general plenty diffuses itself through all the different ranks of the society.

Book I, Chapter 2. Of the Principle which gives occasion to the Division of
Labor: THIS division of labor, from which so many advantages are derived, is not originally the
effect of any human wisdom, which foresees and intends that universal opulence to which it
gives occasion. It is the necessary, though very slow and gradual consequence of a certain
propensity in human nature which has in view no such extensive utility; the propensity to truck,
barter, and exchange one thing for another.

[…] Man has almost constant occasion for the help of his brethren, and it is in vain for
him to expect it from their benevolence only. He will be more likely to prevail if he can interest
their self-love in his favor, and show them that it is for their own advantage to do for him what
he requires of them. Whoever offers to another a bargain of any kind, proposes to do this. Give
me that which I want, and you shall have this which you want, is the meaning of every such
offer; and it is in this manner that we obtain from one another the far greater art of those good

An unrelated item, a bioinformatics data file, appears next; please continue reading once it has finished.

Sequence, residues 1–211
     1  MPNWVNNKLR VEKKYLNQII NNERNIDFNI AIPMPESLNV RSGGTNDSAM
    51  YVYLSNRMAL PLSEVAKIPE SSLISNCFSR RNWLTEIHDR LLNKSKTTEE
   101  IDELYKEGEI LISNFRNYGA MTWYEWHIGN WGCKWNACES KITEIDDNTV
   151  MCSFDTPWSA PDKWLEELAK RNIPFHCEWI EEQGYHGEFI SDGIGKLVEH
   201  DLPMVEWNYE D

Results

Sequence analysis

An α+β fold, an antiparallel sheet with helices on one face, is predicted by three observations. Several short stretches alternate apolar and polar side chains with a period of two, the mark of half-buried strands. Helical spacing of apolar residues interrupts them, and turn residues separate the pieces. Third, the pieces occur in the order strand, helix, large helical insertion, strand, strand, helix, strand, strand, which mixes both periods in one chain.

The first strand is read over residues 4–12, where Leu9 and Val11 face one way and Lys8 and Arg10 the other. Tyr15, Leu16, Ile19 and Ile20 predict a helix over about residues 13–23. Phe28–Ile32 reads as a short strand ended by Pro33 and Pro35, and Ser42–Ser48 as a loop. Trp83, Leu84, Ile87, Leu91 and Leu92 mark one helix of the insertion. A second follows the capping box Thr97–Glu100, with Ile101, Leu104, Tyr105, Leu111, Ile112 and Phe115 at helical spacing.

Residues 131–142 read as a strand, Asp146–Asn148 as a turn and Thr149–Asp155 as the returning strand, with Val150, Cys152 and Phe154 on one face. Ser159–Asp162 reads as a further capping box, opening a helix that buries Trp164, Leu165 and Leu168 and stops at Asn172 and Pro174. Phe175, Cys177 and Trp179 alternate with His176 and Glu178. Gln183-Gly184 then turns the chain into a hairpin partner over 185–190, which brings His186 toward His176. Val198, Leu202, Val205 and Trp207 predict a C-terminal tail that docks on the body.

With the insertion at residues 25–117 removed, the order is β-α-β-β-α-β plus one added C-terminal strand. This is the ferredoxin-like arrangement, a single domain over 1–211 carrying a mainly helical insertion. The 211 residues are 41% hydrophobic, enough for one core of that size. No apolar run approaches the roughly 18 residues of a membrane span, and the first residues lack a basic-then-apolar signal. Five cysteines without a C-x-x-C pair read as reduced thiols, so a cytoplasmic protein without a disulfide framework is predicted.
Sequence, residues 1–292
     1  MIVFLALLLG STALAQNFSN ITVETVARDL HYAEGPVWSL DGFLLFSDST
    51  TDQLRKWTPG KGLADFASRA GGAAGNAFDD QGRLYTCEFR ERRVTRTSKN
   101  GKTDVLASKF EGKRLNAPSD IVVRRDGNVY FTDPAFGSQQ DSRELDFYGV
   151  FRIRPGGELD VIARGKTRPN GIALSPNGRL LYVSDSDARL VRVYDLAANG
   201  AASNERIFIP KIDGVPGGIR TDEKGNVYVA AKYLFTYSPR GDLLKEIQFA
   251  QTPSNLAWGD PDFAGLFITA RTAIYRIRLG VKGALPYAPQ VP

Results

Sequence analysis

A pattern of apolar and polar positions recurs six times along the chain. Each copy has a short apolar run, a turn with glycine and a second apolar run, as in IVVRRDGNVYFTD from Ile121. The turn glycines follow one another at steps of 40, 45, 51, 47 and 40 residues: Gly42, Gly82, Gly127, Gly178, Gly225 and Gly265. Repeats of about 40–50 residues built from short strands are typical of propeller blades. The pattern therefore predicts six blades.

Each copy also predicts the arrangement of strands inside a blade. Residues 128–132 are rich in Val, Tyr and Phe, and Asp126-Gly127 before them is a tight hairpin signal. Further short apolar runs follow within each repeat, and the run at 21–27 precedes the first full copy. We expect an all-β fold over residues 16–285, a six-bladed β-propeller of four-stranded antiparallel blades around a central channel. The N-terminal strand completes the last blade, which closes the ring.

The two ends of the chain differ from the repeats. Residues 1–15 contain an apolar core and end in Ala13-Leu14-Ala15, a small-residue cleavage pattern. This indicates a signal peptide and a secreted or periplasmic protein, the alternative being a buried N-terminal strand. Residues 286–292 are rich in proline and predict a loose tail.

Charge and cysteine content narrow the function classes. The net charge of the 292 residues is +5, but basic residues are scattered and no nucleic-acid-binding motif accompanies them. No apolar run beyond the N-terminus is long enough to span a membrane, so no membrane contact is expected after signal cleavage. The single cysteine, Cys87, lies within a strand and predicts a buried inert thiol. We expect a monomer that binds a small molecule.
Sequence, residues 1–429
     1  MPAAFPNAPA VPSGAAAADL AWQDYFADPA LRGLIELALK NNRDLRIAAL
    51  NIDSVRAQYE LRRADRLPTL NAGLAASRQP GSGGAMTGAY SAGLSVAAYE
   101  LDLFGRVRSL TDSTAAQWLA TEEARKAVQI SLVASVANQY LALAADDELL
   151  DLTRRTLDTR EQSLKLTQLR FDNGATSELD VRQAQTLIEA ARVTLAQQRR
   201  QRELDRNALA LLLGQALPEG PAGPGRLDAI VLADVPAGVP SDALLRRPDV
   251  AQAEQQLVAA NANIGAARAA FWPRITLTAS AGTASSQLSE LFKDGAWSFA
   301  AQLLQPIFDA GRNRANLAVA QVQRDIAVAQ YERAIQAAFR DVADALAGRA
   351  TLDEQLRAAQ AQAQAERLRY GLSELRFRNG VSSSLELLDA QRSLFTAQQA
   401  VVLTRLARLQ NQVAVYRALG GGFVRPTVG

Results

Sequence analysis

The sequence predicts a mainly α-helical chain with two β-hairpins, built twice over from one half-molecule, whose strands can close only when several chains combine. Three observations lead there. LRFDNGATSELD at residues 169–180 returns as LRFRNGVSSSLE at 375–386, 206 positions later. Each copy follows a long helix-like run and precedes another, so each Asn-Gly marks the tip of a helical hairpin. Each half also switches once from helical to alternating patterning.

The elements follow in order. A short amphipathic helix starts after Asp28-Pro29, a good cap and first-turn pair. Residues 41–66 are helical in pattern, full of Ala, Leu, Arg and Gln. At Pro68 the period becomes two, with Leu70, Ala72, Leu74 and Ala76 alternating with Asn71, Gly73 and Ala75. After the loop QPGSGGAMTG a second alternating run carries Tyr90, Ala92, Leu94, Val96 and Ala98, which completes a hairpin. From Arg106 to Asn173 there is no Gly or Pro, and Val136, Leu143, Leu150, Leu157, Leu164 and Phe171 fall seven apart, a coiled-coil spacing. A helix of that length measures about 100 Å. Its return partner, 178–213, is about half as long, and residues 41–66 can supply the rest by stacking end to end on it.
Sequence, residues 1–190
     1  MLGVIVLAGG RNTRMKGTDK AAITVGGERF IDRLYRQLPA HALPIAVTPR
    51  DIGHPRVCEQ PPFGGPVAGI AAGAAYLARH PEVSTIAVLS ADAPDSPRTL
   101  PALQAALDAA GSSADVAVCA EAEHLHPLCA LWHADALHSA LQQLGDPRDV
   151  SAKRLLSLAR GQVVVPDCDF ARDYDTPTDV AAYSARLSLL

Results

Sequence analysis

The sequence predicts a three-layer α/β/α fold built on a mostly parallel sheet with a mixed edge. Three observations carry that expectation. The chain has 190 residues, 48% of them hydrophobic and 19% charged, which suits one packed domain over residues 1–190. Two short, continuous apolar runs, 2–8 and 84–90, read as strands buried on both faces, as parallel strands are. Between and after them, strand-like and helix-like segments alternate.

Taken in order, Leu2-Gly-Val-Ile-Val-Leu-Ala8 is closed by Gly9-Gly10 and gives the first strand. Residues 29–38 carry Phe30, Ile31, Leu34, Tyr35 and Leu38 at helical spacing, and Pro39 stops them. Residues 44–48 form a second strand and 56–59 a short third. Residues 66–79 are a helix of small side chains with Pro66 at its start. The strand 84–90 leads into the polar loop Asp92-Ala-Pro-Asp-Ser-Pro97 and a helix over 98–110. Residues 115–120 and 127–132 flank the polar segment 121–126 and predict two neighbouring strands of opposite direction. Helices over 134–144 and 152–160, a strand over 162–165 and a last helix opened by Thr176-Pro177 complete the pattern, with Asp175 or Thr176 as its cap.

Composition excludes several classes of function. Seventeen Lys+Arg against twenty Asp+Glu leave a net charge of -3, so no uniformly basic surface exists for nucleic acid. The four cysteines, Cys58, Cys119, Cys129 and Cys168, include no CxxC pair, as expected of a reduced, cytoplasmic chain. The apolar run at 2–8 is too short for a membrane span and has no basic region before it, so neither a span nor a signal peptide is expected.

offices which we stand in need of. It is not from the benevolence of the butcher, the brewer, or
the baker that we expect our dinner, but from their regard to their own interest. As it is by treaty,
by barter, and by purchase that we obtain from one another the greater part of those mutual good
offices which we stand in need of, so it is this same trucking disposition which originally gives
occasion to the division of labor. In a tribe of hunters or shepherds a particular person makes
bows and arrows, for example, with more readiness and dexterity than any other. He frequently
exchanges them for cattle or for venison with his companions; and he finds at last that he can in
this manner get more cattle and venison than if he himself went to the field to catch them. From a
regard to his own interest, therefore, the making of bows and arrows grows to be his chief
business, and he becomes a sort of armorer, etc.